power until reaching minimum single engine airspeed and then adjust power as necessary to continue
the desired rate of climb or transition to mission profile.
(1). In this maneuver, the angle can range from vertical to flat. It demands that more power is
available than the power required to hover. The angle is initiated from the point of hover (or
ground) to a point in space. The goal is for the P* to accurately predict the amount of power
required to clear the obstacle given a particular angle. The P* initiates the takeoff by coordinating
all the flight controls to begin a constant angle climb over a predetermined path. Power is used as
required, and the P notes the amount as well as when it was used.
(2). Vertical takeoffs are also constant angle takeoffs. As in very steep to vertical approaches,
there is a point where there is no discernible difference in power required between vertical
takeoffs and those of a lesser angle. In some wind conditions, less power is required to depart
vertically than at a lesser angle.
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Note. If P* is unsure if takeoff method will clear obstacles, P* should consider a vertical takeoff
even though it requires more power than other methods. The intent is if the rotors start to droop,
the aircraft is already over a clear area and the aircraft can descend and land safely. If obstacles
are too close and P* runs out of power attempting another type of takeoff, there may not be
enough power to abort and may cause the rotor to droop and the aircraft may settle into the
obstacles. A vertical takeoff should eventually turn into a level acceleration as soon as aircraft
starts transitioning forward.
b. Level acceleration. This is a situation where the power required to hover is the maximum power
available. The P* will coordinate cyclic and pedals as necessary to accelerate the aircraft. The first
objective is to achieve ETL without allowing the aircraft to settle to the surface. If it becomes apparent
that the aircraft will contact the surface, apply sufficient aft cyclic to prevent contact or abort if
necessary, and analyze for cause. As the transverse flow shudder develops, increase forward cyclic. As
the aircraft enters ETL, make a significant forward cyclic input to prevent blowback. Maintain altitude
and allow the aircraft to accelerate until the climb point is reached. Adjust the cyclic as necessary and
climb to the necessary height. If using the best angle, ensure ETL is not lost. Estimate the point where
the aircraft will enter effective translational lift (ETL) and establish an abort line.
Note. Level acceleration does not need to be conducted at 10 feet. It can be initiated at any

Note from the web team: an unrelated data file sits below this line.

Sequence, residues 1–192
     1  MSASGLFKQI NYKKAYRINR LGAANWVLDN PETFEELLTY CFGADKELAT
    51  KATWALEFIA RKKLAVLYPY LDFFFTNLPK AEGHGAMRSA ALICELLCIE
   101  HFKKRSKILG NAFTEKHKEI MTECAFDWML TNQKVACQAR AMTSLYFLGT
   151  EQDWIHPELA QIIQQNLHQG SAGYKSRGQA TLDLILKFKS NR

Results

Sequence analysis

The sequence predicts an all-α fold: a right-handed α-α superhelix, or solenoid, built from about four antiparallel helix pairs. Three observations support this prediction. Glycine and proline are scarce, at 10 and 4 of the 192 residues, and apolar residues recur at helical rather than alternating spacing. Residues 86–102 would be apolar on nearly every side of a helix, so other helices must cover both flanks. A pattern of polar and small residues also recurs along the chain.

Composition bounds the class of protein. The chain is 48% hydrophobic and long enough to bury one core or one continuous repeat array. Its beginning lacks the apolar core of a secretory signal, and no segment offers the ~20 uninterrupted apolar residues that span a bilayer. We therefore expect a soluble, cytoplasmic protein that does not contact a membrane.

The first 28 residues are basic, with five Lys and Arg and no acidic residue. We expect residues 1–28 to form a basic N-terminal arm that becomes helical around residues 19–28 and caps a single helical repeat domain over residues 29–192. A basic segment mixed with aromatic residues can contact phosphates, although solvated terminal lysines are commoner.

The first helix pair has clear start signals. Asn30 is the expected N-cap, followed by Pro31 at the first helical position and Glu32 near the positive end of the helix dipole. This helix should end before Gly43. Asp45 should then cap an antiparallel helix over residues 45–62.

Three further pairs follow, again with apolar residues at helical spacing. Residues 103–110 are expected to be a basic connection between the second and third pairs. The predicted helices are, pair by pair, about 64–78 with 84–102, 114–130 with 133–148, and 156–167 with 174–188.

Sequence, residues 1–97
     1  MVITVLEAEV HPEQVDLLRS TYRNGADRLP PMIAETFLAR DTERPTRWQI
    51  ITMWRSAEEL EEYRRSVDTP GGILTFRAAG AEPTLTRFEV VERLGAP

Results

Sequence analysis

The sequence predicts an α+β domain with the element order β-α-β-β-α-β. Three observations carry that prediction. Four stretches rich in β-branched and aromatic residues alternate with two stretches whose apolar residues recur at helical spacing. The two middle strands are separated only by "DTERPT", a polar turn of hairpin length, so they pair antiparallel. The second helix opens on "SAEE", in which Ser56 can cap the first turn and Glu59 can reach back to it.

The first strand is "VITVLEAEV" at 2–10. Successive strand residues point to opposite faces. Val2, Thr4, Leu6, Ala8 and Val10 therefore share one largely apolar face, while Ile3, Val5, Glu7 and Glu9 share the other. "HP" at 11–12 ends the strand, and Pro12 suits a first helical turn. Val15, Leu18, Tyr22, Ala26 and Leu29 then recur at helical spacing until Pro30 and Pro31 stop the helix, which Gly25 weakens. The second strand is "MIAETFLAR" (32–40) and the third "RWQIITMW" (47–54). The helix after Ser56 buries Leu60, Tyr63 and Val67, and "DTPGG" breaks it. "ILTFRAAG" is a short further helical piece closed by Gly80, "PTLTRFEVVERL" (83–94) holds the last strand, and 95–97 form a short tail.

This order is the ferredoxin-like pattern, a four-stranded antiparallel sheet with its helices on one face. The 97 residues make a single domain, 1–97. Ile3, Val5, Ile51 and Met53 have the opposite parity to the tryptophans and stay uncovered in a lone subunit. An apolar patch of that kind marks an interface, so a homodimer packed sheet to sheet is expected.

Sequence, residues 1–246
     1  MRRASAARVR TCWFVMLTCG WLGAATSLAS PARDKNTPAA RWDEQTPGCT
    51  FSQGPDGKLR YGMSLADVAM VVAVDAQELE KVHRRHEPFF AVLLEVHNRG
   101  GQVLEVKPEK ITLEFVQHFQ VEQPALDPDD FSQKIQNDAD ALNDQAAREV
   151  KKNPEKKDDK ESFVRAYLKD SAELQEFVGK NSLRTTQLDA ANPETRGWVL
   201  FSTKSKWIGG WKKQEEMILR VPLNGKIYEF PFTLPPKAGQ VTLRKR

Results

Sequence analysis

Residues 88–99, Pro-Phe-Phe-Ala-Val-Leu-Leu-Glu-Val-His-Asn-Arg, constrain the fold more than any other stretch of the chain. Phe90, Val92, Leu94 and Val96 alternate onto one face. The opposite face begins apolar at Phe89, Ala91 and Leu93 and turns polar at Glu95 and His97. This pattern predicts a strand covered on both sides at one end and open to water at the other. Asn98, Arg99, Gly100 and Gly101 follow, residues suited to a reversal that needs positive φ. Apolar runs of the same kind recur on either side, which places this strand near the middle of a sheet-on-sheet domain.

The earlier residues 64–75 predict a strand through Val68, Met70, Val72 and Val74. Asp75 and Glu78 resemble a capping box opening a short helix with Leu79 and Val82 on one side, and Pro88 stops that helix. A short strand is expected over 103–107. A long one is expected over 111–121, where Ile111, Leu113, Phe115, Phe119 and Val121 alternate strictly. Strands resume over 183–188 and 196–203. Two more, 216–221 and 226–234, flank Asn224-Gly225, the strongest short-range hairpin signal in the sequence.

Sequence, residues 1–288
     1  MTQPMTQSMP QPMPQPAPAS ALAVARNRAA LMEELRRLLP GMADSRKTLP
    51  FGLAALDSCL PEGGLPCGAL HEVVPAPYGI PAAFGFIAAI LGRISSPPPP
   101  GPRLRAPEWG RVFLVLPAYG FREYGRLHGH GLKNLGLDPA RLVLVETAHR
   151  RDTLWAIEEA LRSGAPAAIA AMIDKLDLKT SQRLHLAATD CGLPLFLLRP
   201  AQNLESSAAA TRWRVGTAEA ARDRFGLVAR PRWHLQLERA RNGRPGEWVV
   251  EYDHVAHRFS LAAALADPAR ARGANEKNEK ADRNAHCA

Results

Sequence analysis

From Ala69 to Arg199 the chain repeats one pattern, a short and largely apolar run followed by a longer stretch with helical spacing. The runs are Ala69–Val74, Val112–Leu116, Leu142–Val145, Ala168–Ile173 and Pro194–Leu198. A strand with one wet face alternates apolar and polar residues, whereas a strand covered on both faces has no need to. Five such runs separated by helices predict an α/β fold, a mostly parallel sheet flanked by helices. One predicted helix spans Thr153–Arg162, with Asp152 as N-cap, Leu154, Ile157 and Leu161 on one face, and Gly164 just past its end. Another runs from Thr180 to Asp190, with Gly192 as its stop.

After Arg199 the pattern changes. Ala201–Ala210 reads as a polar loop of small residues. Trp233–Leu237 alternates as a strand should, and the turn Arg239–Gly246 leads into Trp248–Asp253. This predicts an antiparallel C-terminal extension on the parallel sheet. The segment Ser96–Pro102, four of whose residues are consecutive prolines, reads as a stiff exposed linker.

altitude that power allows to ensure obstacle clearance.
Note. Recommendation—Practice this maneuver paralleling barriers rather than into them until
proficiency is attained.
Note. Avoid unnecessary nose low accelerate attitudes; 5 degrees nose low is recommended for
acceleration. However, 10 degrees nose low should not be exceeded.
Note. Performing this maneuver in certain environments may require hover out of ground effect
(OGE) power. Evaluate each situation for power required versus power available.
(1) From the ground with less than OGE power. Select reference points to maintain ground track.
With the cyclic and pedals in the neutral position, increase power until the aircraft becomes “light
on the wheels.” Continue applying power until the aircraft is airborne. As the aircraft leaves the
ground, apply forward cyclic as required to avoid obstacles and to accelerate smoothly through
effective translational lift (ETL) at an altitude appropriate for the terrain. Adjust the cyclic to
continue the acceleration to the desired climb airspeed and maintain the desired ground track.
Make the required power adjustments to clear obstacles in the flight path and to obtain the desired
rate of climb. Maintain heading with the pedals when below 50 feet AGL or until making the
transition to mission profile; then place the aircraft in trim. After obtaining the desired airspeed,
adjust the cyclic as necessary to stop the acceleration. Adjust power as necessary to continue or to
stop the rate of climb.
(2) From a hover with less than OGE power. Apply forward cyclic to accelerate the aircraft while
applying power to maintain the desired hover altitude. Perform the rest of the maneuver as for a
takeoff from the ground with less than OGE power.
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WARNING
If the takeoff is aborted, it may be impossible to stop the aircraft
before clearing the barriers (depending on aircraft weight, speed,
surface composition, and size of the takeoff area). Some
situations requiring this maneuver will usually result in very
marginal single-engine characteristics. This increased risk factor
will be addressed during the mission risk assessment process.
c. Rolling takeoff. A rolling takeoff may be used when hover power for takeoff is marginal or
insufficient and a takeoff must be made, or as an alternate method of takeoff when sufficient power is
available (dissipate dust, reduce rotor downwash). Use the rotor system thrust to accelerate the aircraft
to a more efficient speed for flight.
Note. For training, use 10 percent torque below the aircraft 10-foot hover torque to simulate the
maximum torque available.
(1) Verify that the takeoff surface is suitable for the maneuver to include abort stopping distance